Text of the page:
Shortly after Wenink’s television interview, the first party was already affected by Schiphol’s stricter policy. It looked like Russian AirBridgeCargo would lose 13 of its 23 flights to Amsterdam as per the 13th of October. Some political power play meant that this could be avoided for now, though. The Russians threatened to close their airspace for KLM. KLM subsequently gave some of their slots to AirBridgeCargo. Having to fly around the Russian airspace would have cost too much time and money, explained Senior Account Manager Fresh of KLM, Aldo Westen, last week at IFTF.

But in the meantime, several other cargo carriers did lose some of their slots: Emirates and Singapore Airlines. The latter might be increasing their number of flights to Brussels now. How the lost slots are going to influence Emirates isn’t clear yet. Emirates transports fresh produce from Africa and South America to Amsterdam.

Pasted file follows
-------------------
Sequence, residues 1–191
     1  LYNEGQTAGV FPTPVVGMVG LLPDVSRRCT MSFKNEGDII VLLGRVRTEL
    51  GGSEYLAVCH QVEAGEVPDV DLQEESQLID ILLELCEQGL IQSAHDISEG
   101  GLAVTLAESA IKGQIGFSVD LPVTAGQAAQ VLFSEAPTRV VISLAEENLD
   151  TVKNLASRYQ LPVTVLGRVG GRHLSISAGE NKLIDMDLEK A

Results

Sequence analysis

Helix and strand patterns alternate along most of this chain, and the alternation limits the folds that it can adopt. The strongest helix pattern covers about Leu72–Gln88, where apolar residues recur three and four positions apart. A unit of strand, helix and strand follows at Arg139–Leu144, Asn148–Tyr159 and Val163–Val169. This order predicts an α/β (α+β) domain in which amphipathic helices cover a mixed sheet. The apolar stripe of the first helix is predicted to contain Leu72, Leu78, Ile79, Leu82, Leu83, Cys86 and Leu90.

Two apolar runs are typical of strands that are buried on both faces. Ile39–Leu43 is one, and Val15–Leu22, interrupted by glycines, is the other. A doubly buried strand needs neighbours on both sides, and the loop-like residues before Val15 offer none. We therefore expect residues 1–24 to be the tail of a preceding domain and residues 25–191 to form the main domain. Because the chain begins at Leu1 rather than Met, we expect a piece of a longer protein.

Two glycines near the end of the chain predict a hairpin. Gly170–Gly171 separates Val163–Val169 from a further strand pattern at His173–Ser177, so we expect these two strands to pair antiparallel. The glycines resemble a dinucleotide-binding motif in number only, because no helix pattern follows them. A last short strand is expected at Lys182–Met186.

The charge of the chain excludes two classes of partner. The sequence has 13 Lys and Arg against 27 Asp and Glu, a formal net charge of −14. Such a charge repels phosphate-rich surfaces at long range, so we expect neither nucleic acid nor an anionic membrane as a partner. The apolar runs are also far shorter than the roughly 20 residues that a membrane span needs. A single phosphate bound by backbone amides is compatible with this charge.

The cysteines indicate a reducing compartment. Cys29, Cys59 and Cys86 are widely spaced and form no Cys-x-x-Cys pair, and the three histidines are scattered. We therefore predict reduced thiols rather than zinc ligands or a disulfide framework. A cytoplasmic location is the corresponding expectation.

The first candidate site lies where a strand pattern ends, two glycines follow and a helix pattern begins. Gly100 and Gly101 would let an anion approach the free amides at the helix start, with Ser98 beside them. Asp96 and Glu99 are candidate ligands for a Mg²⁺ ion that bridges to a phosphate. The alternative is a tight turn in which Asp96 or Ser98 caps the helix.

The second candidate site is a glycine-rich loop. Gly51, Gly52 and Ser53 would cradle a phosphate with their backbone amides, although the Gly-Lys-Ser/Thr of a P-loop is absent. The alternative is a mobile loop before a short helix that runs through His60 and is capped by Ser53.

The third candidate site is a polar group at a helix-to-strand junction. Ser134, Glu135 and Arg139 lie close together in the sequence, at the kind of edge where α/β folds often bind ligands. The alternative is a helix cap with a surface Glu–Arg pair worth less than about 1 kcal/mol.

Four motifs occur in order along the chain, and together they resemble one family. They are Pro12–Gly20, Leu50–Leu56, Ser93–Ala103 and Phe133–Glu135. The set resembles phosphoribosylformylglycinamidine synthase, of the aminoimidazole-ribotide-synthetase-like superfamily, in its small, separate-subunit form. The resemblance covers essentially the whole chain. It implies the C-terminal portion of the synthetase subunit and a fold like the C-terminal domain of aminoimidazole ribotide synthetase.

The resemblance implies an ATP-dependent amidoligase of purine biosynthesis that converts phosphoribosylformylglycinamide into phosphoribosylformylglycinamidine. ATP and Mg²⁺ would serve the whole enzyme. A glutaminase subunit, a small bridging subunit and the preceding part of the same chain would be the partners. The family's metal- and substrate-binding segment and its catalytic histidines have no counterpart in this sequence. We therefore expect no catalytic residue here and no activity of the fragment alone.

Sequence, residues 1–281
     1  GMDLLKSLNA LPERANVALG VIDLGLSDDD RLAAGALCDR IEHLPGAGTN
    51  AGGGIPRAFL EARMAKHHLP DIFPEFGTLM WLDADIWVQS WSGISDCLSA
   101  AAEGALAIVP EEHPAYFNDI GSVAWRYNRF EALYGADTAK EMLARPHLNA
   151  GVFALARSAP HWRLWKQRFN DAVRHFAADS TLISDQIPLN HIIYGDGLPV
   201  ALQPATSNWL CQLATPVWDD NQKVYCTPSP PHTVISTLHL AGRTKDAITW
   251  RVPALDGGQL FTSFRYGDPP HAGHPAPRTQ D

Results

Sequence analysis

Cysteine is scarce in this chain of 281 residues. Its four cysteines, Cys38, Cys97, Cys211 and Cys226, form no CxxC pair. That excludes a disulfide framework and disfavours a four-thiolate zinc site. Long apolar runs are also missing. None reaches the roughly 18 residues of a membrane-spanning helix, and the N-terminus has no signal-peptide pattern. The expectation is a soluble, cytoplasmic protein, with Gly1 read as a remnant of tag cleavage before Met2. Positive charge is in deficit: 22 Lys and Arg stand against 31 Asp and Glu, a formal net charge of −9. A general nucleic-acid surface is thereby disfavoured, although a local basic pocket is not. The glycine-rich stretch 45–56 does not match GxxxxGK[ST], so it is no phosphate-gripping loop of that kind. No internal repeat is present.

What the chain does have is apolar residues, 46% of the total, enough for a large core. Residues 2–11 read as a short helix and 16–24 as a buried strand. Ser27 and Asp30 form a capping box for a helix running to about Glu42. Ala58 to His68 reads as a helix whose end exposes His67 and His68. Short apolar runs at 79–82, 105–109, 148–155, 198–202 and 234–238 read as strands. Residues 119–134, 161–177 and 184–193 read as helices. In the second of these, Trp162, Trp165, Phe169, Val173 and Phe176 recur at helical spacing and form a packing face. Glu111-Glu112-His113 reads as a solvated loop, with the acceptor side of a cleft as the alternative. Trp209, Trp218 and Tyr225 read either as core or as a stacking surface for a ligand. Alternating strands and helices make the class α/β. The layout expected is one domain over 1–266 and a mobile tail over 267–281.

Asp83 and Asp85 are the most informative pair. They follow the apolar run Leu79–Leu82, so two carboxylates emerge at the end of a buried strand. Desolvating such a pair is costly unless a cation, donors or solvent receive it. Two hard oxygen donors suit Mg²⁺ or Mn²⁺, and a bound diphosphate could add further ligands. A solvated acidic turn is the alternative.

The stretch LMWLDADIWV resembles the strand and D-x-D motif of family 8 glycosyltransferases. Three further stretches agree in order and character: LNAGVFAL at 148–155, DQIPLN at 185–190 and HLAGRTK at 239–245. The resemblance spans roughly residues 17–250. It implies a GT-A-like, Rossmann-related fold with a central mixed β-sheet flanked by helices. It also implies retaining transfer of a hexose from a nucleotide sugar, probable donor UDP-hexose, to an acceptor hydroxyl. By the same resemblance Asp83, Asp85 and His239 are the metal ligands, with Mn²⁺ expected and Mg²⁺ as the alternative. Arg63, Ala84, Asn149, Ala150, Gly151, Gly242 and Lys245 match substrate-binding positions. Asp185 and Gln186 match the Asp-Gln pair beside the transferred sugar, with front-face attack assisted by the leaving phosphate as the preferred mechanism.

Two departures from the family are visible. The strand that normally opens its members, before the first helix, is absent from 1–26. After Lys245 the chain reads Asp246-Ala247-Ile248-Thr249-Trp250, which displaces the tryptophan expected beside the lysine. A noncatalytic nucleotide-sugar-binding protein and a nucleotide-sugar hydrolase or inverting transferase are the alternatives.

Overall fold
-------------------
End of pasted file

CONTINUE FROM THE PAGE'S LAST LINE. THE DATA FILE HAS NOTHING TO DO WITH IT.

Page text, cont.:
Chances are that more airlines will lose slots and that they will no longer fly directly to Amsterdam in the future. It should be noted though, that many airlines are already flying to other destinations, from which produce is transported to Amsterdam by road. Flowers from Ethiopia for example, land in Brussels and Liège. Lufthansa flies from South America and Kenya to Frankfurt. Qatar flies to Maastricht.

The reason for this might lie in the policies regarding landing rights. Ethiopia Airlines for example, has no landing rights at Schiphol because the aircrafts don’t meet the environmental requirements. There are also some airlines that don’t have the right to fly between two airports when neither of those is their own hub. Like Saudia, which makes a stopover in Jeddah. Rumour has it that Kenya wants to deny several airlines the right to fly directly between Nairobi and Amsterdam, because they want to help Kenya Airways develop its cargo division.